Albert Einstein said, "Any fool can know. The point is to understand." When real learning takes place, it's more than just gaining knowledge. It's about being able to understand and apply what you've learned.
We all attend school during our childhood, and the sole purpose is to learn and grow. However, as we settle into our careers and our lives become busier, the passion (and time) to learn can feel as if it's slowly dwindling. Learning is imperative in the workplace to keep people from becoming complacent or bored, or from falling behind in their industry. And we can learn through additional training, attending conferences or networking events, and even team-building meetings - the opportunities are endless. But discovering the best way to balance work, life and learning is difficult, which leads us to wonder: is learning in the workplace fact or fantasy?
During our latest #MTtalk tweet chat, held on Friday (May 13, 2016), we wanted to know how our participants experience workplace learning: is it fact or fantasy to them? Here are the questions we asked them during a busy hour of discussion, and some of their responses.
Question 1: What does "workplace learning" mean to you?
@hrsanjaynegi: Learn, unlearn and re-learn.
@ZalkaB: The opposite of keeping info, skills and knowledge to yourself because you think you are irreplaceable because of it.
Question 2: Is workplace learning a fact or a fantasy to you? Why?
@SistadaHealer: It's a much needed fact to me, but there are managers who think it's a fantasy and don't invest in their employees.
@KrisGiere: Formally it's a mirage. Many organizations regulate learning, instead of fostering growth. Individually it's a choice to learn.
Question 3: What constraints do you face when learning at work?
@Midgie_MT: Constraints when learning at work include time away from being 'productive' for the learning. Also, interruptions from colleagues.
@MicheleDD_MT: Not always time to schedule learning into the day. Managers don't always see it as a priority. Difficult to get funding for L&D.
Participants felt that although time is an issue, it's more often about planning and priorities than about not having enough time.
Question 4: How do you organize additional learning into your work schedule?
@NootsCaboots: I like to make the most of my breaks so if I have a spare moment, I'll use it to research courses or catch up on industry news.
@KrisGiere: I guerilla learn on my personal device like my phone. If I'm curious, I make time to learn it. The work will get done.
Many people work in virtual teams nowadays rather than in a traditional office setting.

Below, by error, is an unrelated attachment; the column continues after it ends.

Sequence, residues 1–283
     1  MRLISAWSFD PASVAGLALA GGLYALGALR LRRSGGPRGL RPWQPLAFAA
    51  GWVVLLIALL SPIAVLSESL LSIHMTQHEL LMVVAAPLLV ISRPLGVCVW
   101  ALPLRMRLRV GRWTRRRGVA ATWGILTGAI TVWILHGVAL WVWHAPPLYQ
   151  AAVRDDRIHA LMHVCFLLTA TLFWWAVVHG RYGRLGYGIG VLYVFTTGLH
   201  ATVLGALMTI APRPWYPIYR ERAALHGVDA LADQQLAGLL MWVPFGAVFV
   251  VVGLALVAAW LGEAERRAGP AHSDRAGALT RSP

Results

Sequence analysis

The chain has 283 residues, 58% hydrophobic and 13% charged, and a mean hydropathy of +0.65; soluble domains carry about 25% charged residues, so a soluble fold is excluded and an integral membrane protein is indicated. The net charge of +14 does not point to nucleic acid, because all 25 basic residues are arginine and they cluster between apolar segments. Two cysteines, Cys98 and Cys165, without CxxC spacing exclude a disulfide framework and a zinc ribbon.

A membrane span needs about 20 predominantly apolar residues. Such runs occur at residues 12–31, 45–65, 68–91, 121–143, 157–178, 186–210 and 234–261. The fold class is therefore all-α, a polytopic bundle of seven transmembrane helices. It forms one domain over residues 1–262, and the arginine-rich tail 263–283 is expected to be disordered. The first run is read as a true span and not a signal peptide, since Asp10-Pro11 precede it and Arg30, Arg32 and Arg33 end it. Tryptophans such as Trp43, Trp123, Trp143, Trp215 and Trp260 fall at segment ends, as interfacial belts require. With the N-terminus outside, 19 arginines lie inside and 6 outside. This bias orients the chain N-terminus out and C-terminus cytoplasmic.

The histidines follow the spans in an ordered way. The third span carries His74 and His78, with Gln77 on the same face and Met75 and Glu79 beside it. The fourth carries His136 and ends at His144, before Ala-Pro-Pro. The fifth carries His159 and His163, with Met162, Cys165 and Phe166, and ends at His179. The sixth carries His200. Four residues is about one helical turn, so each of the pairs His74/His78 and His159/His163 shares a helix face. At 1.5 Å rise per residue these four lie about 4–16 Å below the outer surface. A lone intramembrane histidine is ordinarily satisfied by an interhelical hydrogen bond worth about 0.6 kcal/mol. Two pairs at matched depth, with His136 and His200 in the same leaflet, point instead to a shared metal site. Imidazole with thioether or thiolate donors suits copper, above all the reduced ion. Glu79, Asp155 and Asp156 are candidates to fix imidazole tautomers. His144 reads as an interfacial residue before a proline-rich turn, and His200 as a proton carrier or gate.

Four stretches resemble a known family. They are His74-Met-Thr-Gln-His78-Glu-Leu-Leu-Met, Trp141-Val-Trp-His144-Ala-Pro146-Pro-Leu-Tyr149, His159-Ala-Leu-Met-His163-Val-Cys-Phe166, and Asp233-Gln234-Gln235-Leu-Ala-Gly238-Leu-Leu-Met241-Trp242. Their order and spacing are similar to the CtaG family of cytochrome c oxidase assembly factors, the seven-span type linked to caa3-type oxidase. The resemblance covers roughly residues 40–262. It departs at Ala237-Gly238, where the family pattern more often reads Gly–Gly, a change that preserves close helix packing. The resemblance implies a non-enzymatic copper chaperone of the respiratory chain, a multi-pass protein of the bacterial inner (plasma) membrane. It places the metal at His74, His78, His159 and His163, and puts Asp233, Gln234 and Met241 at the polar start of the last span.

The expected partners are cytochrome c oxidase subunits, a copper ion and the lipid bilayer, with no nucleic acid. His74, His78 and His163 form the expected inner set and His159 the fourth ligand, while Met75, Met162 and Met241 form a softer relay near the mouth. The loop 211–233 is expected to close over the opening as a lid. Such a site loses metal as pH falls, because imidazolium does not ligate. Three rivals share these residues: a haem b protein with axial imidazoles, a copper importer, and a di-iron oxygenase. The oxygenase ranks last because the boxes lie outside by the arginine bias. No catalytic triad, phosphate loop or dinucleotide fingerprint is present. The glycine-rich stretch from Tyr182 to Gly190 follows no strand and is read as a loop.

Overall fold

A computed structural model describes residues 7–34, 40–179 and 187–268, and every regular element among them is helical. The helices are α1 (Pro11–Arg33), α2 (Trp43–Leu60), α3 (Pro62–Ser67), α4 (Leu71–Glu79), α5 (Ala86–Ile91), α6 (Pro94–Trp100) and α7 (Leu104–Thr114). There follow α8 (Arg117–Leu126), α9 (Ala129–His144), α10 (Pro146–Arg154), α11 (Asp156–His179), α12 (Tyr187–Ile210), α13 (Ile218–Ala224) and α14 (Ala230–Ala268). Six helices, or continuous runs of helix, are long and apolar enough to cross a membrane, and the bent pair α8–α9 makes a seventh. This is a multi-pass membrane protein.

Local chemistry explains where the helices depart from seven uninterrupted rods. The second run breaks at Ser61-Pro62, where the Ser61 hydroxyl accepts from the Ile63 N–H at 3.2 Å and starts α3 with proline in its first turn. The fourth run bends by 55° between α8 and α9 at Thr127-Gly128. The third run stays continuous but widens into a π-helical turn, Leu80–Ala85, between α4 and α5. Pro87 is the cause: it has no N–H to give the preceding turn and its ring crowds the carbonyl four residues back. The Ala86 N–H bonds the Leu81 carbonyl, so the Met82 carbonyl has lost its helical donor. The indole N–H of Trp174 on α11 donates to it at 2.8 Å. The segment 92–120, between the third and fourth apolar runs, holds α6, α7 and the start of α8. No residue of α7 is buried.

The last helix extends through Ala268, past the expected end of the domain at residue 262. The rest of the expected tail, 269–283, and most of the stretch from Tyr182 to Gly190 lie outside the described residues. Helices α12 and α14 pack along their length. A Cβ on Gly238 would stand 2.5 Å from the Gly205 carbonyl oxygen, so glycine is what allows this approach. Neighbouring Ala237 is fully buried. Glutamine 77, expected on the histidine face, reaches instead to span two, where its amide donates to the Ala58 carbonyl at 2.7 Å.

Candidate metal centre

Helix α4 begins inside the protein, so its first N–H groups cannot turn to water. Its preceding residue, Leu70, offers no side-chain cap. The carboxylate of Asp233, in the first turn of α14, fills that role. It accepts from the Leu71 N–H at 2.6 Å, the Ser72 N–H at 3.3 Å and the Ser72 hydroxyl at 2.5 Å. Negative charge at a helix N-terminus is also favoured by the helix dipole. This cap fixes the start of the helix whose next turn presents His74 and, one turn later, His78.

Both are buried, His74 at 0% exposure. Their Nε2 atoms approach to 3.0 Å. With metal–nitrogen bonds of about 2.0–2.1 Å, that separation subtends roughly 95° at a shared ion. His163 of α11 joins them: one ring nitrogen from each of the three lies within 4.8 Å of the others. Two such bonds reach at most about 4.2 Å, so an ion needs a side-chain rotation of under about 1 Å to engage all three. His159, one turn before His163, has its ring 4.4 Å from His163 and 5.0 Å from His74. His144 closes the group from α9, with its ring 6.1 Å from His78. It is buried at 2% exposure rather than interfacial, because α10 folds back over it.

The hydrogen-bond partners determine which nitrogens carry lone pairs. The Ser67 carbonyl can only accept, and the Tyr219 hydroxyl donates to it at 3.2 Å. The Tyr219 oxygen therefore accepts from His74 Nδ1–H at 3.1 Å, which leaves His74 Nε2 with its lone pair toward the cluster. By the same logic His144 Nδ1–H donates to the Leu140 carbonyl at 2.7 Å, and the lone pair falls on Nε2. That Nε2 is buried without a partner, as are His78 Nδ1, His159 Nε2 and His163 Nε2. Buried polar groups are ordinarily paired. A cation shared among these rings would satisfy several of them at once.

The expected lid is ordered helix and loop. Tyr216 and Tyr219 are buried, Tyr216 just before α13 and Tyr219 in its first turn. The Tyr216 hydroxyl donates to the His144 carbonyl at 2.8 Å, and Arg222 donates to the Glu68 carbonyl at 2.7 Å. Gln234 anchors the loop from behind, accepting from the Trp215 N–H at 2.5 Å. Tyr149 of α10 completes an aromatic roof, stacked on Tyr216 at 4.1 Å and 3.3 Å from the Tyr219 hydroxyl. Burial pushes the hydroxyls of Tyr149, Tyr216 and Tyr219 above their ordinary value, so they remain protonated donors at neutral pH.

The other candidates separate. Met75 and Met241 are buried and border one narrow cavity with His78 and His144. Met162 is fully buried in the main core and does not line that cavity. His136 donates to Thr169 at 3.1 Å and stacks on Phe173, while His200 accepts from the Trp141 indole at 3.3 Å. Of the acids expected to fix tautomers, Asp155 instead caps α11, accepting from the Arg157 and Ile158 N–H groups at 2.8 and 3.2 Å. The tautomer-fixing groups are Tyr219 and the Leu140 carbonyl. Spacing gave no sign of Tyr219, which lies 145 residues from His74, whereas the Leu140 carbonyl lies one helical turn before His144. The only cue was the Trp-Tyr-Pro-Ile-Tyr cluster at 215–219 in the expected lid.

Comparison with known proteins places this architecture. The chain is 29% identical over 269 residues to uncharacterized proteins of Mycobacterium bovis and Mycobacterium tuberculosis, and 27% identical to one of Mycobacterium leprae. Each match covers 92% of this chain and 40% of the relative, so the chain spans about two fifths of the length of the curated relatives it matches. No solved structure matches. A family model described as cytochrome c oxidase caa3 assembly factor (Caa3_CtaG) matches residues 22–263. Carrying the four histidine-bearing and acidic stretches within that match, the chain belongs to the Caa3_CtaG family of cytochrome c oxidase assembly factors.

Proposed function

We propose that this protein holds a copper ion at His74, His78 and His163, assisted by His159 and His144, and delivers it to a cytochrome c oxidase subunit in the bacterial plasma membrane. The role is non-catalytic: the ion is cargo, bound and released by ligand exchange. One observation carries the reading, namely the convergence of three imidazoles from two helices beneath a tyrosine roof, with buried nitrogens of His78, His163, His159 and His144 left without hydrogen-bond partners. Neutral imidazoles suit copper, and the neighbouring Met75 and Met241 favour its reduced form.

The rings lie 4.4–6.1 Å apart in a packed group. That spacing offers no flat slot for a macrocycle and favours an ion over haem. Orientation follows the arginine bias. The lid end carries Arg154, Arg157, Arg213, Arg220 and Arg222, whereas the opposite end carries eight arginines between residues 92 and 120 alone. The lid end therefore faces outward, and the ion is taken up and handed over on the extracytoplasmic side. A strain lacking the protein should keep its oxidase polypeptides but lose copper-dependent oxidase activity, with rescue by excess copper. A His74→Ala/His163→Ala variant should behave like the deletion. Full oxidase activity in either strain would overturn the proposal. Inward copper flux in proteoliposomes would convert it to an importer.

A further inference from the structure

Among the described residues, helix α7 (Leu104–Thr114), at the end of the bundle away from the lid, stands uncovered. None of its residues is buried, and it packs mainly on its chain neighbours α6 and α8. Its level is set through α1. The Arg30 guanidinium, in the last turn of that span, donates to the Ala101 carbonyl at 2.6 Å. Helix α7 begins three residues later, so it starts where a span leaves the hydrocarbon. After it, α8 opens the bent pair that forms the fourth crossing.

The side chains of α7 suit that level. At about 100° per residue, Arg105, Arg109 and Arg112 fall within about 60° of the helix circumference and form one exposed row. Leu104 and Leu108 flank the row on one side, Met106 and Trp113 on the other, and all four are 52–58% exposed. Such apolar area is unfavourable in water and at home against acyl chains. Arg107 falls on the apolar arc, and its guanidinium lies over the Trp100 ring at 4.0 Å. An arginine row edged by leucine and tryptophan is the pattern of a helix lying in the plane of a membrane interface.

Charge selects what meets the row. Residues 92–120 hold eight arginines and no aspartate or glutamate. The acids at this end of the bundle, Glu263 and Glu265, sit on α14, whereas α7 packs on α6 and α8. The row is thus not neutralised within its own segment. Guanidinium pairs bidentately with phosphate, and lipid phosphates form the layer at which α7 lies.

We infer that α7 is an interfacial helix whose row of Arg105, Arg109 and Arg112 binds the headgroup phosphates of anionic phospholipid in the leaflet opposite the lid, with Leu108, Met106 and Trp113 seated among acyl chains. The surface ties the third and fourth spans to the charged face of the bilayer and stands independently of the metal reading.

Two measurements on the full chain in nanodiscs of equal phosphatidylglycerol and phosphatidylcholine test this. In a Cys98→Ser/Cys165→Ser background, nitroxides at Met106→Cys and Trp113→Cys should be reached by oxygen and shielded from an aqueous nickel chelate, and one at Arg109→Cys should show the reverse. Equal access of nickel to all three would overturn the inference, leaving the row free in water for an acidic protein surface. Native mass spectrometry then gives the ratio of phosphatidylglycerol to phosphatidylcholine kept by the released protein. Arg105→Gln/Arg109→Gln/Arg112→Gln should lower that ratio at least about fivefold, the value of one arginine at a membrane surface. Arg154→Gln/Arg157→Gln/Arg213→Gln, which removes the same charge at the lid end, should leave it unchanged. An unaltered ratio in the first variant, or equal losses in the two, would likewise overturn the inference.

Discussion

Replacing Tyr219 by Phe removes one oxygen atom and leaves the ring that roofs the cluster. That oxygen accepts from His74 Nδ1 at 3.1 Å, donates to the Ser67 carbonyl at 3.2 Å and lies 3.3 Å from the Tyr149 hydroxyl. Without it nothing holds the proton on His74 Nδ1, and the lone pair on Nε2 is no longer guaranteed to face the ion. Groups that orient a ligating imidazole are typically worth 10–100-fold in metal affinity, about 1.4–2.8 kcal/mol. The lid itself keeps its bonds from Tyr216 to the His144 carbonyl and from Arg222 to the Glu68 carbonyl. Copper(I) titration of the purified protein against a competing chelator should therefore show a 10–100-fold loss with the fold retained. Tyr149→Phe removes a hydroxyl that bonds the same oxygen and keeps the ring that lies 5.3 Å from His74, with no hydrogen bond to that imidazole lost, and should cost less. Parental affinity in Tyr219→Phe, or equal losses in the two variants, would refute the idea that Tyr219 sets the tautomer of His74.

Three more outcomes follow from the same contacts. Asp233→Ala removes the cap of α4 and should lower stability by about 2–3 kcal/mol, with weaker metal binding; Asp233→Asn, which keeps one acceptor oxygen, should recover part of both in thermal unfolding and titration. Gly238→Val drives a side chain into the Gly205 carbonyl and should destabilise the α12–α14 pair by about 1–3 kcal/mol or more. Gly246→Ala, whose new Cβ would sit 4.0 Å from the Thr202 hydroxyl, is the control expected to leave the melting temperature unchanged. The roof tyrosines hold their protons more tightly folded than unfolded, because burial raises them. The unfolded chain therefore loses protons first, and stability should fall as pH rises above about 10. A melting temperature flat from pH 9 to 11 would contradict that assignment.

Question 5: How has working in virtual teams affected how you learn at work?
@SayItForwardNow: Working in virtual teams often shifts the learning from in-person training to e-learning, offering more flexibility.
@SistadaHealer: It has helped me tremendously. I get to learn from others and find support from other like-minded individuals.
Question 6: Do you see a difference in value between skills-based, professional or personal development? Please explain.
@ZalkaB: A difference in value, no. It's all part of your growth that makes you more enriched, better, inspired.
@Dwyka_Consult: It probably depends on where you are in your career. It should be balanced; to me personal development is very important.
Question 7: What type of learning has benefited you most: soft skills or hard skills? Why?
@Liz: Getting a load of hard skills under my belt gave me a big boost in a new job - they were tangible and I knew I'd succeeded.
@harrisonia: That's tough! I love the hard skills that I have but being assertive is priceless and can take you far.
Because methods of learning have changed and increased since the advent of the Internet, we wanted to know the following:
Question 8: What method of workplace learning do you find most effective, eg online, workshops, self-directed etc. Why?
@amypen64: I am very much a self-directed learner. When I need to learn, I'll find it. Second would be online.
@NootsCaboots: I work better when I "learn by doing," so practical methods of learning like workshops usually work best for me.
Question 9: What would help you to put your learning into practice in your workplace?
@Limha75: If it feels relevant to me or if I've been shown the potential impact it can have.
@Yolande_MT: The willingness to learn and also to apply what I've learnt is a choice.
Question 10: How can you help develop more effective learning experiences for members of your team?
@A_Kirkland: Use varied learning modalities and create opportunities to apply learning immediately.
@LindaAspey: We can consider the whole learning and thinking environment we create, as important as the actual content.
Different situations call for different styles of leadership. "Exploring Leadership Styles" will be the topic of discussion for our next #MTtalk chat, on Friday, May 27, 2016, at 1pm EST (5pm GMT). We'd love you to join us on Twitter and share your experience with us.
To join the chat, type #MTtalk in the Twitter search function. Tap on 'All Tweets' and you'll be able to follow the chat feed live. To participate, simply include #MTtalk in your tweet and it will show up in the chat feed.
In the meantime, we're happy to share some more of our resources about workplace learning with you.
Mike Barzacchini explores what to do when you're feeling Hungry, Angry, Lonely, and Tired at work.
For many people, a basic pre-pandemic routine was eat, work, sleep, repeat! They were caught in a rat race, and their employers didn't really care. The goal was to produce, produce, produce!
Mind Tools coach Sarah Harvey asks what are the benefits and dangers of courage at work.